AMMCO-Hennessy Handed First Asbestos Defeat by W&LAugust 14th, 2015
A Los Angeles County Superior Court jury this month handed Hennessy Industries, Inc. as successor to AMMCO Tools, Inc., its first-ever loss in an asbestos-exposure lawsuit despite the defendant company’s self-assurances that the grieving family of an Army veteran and automotive parts store owner who died of mesothelioma had no chance of winning, victorious plaintiffs’ law firm Weitz & Luxenberg, P.C., today announced.
“The verdict against AMMCO and Hennessy represents the first time the companies have been held liable for an asbestos-exposure injury or death,” said first-chair trial attorney Mark D. Bratt, who, with second-chair attorney Peter Beirne, led the W&L trial team.
The Aug. 3 jury decision in the Chatsworth-area courtroom of the Hon. Randy Rhodes capped a three-week trial in which the family blamed AMMCO and Hennessy for the store owner’s death in 2012.The husband and father was stricken with mesothelioma after years of inhaling asbestos dust spewed into the air while he machined asbestos-containing brake shoes in a corner of his shop.
AMMCO is the Hennessy-owned manufacturer of the brake grinders he used in performing that work.
No Escape From Asbestos Liability
Bratt and Beirne said they presented compelling evidence that AMMCO knew its brake grinder posed a grave health hazard yet advertised it as safe.”AMMCO started manufacturing brake grinders in 1950,” said Bratt. “These grinders employed a rudimentary, reusable porous cloth dust bag which had to be manually emptied by workers. In its advertisements from that era, AMMCO claimed this bag prevented ‘bothersome and dangerous flying dusts.'”
However, in 1973, AMMCO tests showed workers were being exposed to millions of asbestos fibers despite the dust bag system, and so the company designed a new dust-collector system, Bratt explained.
In patent applications obtained by W&L, AMMCO described and acknowledged design defects in the original containment system, admitting it created “a definite health hazard,” Bratt said.
“AMMCO never even tested its original dust bag system with regard to asbestos exposure and safety, so the company had no factual basis for its advertising claim,” Bratt added. “Nonetheless, AMMCO was aware prior to 1950 when it introduced the product that asbestos was dangerous. And despite all that, AMMCO continued to sell the original porous cloth bag as a replacement product until at least 1983.”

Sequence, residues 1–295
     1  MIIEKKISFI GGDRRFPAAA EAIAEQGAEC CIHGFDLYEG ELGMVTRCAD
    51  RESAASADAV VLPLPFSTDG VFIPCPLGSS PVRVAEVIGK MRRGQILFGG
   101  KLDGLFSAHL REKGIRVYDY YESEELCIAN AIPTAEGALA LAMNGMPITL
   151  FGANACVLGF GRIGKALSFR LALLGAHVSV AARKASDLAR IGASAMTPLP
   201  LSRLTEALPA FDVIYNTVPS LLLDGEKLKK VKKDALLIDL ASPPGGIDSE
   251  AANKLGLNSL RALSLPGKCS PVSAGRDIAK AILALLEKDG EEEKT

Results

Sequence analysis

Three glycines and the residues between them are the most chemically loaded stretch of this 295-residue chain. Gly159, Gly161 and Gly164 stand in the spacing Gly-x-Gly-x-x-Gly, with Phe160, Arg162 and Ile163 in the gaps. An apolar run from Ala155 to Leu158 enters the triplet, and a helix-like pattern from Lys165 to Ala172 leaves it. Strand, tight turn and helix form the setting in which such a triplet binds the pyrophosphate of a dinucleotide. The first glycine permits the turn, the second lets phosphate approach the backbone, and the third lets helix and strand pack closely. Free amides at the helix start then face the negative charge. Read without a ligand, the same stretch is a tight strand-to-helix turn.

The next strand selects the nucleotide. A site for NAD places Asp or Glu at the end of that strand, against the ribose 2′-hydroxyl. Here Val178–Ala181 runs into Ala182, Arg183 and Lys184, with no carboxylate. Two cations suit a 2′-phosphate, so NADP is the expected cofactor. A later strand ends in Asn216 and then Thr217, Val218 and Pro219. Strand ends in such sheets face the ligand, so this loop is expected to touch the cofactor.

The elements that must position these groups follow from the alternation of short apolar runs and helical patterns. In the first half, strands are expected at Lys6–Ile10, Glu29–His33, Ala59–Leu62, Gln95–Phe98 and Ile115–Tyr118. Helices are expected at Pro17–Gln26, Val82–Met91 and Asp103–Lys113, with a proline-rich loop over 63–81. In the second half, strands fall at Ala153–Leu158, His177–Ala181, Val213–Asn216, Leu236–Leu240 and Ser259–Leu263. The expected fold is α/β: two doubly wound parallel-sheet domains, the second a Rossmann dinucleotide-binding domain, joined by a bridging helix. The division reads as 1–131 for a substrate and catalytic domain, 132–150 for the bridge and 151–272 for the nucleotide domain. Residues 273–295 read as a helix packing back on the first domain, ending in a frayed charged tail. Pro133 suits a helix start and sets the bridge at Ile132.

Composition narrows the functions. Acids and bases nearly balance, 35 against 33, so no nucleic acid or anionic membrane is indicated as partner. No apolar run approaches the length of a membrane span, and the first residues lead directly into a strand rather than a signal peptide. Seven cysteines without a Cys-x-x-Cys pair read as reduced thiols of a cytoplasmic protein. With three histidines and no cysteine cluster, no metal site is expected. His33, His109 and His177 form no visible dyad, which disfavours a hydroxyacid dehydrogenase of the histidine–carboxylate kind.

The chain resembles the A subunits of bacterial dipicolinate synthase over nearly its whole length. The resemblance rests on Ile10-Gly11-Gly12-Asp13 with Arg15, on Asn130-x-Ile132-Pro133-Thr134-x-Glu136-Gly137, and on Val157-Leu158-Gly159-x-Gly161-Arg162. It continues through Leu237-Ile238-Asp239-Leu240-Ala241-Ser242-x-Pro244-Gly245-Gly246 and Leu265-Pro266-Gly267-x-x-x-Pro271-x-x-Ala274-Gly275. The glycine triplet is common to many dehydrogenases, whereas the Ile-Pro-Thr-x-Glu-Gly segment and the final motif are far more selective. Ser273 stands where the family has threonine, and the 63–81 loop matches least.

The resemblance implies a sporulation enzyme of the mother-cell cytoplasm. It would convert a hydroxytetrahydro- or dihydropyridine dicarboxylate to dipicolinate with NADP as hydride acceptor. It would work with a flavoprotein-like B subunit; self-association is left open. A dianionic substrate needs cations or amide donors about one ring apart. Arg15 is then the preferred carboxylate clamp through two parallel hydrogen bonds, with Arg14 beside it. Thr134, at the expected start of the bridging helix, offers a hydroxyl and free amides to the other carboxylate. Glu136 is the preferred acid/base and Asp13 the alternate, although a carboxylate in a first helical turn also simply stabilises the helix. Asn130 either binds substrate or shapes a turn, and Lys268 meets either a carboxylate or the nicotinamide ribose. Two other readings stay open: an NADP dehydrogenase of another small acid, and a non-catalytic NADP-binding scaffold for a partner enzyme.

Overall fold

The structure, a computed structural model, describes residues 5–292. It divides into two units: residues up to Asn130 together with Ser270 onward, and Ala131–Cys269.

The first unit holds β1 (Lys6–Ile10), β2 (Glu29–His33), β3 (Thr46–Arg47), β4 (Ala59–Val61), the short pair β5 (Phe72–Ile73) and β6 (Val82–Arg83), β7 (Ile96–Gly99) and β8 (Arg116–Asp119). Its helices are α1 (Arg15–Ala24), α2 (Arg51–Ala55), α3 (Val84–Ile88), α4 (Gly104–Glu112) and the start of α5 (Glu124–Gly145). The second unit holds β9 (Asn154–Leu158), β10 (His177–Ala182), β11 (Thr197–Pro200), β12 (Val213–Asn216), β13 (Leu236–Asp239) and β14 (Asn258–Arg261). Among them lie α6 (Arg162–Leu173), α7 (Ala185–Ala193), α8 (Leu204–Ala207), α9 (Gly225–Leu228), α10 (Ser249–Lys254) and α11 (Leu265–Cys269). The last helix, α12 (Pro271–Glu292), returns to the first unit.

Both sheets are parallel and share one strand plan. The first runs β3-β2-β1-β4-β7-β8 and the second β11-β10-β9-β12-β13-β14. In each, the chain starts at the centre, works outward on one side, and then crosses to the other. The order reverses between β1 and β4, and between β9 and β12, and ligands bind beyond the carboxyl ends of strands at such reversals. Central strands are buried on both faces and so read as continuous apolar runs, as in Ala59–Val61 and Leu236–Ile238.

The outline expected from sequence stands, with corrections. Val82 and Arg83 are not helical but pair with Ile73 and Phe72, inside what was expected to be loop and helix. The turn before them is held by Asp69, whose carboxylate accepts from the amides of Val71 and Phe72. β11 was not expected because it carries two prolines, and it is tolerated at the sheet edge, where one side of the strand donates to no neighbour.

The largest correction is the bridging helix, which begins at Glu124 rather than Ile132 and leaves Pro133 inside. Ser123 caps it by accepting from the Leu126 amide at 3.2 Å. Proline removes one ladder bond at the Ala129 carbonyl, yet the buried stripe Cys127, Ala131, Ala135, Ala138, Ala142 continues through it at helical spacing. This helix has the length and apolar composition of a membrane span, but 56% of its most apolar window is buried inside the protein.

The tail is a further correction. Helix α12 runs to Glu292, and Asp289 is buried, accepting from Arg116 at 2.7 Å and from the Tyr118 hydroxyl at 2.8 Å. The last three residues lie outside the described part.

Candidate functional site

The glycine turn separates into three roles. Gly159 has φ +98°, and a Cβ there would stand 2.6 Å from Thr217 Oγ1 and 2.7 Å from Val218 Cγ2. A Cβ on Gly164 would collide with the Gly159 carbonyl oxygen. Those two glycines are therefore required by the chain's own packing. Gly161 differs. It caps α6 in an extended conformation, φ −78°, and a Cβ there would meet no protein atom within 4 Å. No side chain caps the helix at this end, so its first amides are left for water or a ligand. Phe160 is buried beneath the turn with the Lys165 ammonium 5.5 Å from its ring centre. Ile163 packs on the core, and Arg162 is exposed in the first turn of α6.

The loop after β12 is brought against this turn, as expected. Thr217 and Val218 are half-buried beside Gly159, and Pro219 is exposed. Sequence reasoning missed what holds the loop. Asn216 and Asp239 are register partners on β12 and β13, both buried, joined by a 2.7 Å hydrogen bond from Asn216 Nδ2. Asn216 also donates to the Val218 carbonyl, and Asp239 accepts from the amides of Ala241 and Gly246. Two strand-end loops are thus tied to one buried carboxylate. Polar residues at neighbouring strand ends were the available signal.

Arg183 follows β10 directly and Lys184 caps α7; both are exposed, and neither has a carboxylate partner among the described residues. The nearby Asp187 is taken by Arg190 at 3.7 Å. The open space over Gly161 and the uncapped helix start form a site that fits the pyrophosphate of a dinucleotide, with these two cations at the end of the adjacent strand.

Worse, said Bratt, “AMMCO never contacted grinder owners to warn them of the dangers of using the old dust-collector system, never issued a recall of the grinders, never offered to retrofit them with the new dust-collection system, never put a warning on the replacement dust bags it continued to sell, nothing.”
Mesothelioma Death a Bitter Loss to Family
Bratt said the wife and two surviving sons of the auto parts store owner were devastated by his death from mesothelioma, an extraordinarily aggressive form of cancer.
“He was a loving husband who every morning would pick a fresh grapefruit from their yard for his wife’s breakfast,” Bratt said. “They were high-school sweethearts back in their native South Dakota. They got married not long after he completed his service in the Army more than 50 years ago, and then moved to the Los Angeles area. They were best friends, loved to travel, and enjoyed a simple life together.”
The man’s exposure to asbestos dust began in the early 1960s while he was working with AMMCO brake grinders in various Southern California automotive supply houses where he learned the trade, Bratt said.
In 1971, the man opened his own auto parts store and outfitted it with an AMMCO brake grinder. He operated it often, said Bratt.
The jury found the defendants liable for, among other things, negligence and strict products liability.”Importantly, this verdict proves that a company cannot design a product which necessarily creates a hazard when used with another product and escape responsibility,” Bratt offered.
“This verdict also reaffirms that there are basic steps a responsible company must take before putting a product onto the market,” he continued, “such as performing research, conducting tests, designing and engineering products appropriately, and avoid making baseless claims about safety. In short, companies cannot put profits ahead of people.”